STUDY AREA - Moore Creek is a typical lower Piedmont clear water third order stream (Fig. 1). It originates in the lower Piedmont and terminates along the interface of the coastal plain. The selected study section of Moore Creek was a 1 km section located in Baldwin Co., central Georgia. Here the creek is characterized as a shallow, clear water creek flowing generally southeast and usually covered by a relatively dense canopy (70-75% coverage). At seasonal baseflow Moore Creek is a series of meanders confined within well-defined banks six to eight feet high. Bedload ranged from fine silt to course gravel. During the survey period, water temperature averaged 52.2[degrees] Fahrenheit (range, 49-59[degrees]F) and dissolved oxygen averaged 9.3 ppm (range, 7.0-10.1 ppm). Stream width averaged 2.13 meters (range, 1.02-3.15 meters). Flow rates are reported for each habitat respectively.

Habitats Sampled - Five habitats consistently present in Moore Creek were sampled. These included: bank runs, undercut runs, midstream runs, log pools, and backwater pools (each defined below). Two habitats are depicted in Figure 1.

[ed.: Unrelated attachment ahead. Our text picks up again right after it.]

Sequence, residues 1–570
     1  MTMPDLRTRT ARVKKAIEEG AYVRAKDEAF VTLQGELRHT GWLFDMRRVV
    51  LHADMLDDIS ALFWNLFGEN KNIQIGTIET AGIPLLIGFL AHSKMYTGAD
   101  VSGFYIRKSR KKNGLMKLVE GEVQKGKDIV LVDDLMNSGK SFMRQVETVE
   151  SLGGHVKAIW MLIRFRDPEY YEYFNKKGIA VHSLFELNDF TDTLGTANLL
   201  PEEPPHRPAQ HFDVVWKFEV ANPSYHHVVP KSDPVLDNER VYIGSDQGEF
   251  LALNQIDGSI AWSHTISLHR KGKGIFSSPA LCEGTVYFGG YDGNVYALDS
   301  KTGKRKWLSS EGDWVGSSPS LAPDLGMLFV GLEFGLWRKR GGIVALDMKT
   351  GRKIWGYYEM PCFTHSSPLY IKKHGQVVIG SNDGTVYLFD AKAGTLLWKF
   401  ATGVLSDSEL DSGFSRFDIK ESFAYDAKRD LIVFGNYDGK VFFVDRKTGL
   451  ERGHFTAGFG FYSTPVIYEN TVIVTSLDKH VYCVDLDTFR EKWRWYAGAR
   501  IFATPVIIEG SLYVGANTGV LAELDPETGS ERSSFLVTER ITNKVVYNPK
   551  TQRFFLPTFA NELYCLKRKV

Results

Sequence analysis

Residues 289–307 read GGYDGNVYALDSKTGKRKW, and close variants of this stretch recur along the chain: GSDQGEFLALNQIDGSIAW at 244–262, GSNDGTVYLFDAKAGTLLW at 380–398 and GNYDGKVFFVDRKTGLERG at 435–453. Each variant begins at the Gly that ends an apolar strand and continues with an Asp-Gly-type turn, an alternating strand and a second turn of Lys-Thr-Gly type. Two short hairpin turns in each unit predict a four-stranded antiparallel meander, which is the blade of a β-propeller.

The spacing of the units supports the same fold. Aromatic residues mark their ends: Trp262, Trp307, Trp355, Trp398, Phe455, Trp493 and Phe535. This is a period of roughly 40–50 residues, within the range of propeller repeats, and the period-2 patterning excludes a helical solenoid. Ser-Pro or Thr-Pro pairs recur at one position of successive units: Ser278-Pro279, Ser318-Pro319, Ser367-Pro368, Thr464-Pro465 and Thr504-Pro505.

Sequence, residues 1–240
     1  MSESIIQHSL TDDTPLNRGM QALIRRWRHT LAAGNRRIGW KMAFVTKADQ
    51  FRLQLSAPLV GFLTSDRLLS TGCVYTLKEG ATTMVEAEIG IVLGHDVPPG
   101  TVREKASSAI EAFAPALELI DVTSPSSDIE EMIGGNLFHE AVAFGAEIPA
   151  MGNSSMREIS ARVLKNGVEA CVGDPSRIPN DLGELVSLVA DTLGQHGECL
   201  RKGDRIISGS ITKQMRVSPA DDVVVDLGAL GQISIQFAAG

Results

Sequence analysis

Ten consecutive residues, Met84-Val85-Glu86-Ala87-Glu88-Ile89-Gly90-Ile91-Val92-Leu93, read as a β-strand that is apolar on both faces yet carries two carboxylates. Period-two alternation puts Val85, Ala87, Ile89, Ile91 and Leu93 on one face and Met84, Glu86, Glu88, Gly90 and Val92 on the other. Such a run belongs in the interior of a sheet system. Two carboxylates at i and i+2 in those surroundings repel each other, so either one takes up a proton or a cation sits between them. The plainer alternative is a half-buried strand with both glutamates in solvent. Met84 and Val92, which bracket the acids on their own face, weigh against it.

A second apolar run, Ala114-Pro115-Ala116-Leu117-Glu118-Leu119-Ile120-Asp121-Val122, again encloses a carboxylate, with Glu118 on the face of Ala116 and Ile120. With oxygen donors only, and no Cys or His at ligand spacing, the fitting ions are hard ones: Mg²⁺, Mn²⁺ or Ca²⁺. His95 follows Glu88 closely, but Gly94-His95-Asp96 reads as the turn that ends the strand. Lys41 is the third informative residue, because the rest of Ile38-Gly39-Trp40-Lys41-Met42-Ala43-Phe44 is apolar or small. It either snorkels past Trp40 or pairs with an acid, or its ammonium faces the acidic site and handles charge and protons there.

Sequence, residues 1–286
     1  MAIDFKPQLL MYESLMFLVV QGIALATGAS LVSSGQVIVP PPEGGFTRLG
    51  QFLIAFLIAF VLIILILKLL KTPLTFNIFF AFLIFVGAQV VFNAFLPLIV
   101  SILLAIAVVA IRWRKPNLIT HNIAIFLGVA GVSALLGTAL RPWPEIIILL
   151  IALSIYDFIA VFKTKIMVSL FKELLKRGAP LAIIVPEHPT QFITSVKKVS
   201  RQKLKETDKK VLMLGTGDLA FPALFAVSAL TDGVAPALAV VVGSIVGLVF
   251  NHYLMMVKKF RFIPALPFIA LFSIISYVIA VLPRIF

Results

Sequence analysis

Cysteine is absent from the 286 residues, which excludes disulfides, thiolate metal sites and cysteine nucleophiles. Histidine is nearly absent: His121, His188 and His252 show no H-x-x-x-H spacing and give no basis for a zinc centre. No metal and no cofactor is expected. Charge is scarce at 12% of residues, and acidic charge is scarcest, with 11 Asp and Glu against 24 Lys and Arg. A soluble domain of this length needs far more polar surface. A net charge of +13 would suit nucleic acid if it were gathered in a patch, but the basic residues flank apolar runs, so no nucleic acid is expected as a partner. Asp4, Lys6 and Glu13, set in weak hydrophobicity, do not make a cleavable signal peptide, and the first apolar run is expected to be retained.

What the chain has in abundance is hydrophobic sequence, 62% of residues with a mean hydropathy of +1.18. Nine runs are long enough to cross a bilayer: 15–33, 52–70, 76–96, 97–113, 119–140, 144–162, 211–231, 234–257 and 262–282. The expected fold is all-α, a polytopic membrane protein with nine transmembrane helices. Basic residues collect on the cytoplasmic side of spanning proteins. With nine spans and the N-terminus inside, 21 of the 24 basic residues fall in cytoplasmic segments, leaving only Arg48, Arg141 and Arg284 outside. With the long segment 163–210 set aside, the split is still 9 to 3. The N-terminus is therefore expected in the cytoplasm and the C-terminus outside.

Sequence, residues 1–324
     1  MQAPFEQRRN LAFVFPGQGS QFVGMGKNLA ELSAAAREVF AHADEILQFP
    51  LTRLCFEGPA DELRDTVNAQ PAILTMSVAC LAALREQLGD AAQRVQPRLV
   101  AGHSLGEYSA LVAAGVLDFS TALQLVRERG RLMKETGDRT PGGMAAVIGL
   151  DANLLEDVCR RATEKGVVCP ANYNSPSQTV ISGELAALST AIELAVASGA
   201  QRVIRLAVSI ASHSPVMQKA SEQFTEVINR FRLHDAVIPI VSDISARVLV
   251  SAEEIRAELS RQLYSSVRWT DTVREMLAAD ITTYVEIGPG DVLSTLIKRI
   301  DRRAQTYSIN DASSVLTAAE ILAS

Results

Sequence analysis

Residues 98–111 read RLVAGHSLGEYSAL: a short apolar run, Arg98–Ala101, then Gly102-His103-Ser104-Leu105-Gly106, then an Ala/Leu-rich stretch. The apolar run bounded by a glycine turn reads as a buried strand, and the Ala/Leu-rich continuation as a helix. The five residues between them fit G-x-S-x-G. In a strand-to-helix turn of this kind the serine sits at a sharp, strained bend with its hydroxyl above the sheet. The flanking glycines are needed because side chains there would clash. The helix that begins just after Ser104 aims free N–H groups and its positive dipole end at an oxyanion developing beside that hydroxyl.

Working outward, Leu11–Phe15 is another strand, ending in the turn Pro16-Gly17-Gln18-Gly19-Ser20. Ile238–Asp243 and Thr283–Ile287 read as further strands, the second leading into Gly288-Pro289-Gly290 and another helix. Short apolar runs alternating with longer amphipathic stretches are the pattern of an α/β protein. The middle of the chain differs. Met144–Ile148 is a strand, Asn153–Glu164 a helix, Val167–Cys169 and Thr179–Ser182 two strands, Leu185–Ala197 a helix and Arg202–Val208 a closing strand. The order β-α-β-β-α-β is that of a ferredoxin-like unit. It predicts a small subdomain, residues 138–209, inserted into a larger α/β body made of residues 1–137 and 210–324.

Bank Run - This habitat was characterized as being a run (straight and usually at least 10 meters long) along a bank with no erosion undercutting into the bank. Water depths ranged from shallow ([less than or equal to] 150 mm) to 670 mm. Mean flow was 37.50 cubic centimeters per second (ccs).

Undercut Run - This habitat was characterized as being a bank run in which water had significantly undercut the bank, adding dimension to the habitat, (i.e., protective cover, eddies, breaks in the current, and possibly diversity in food sources). This habitat ranged from shallow to about 670 mm in depth. Mean flow was 43.06 ccs.

Midstream Run - This habitat was not associated with banks or pools in any way, but rather was a central channel, usually through a bed of sand or gravel. Generally, midstream runs were shallow, ranging from 150 to 355 mm. Mean flow was relatively high at 51.86 ccs.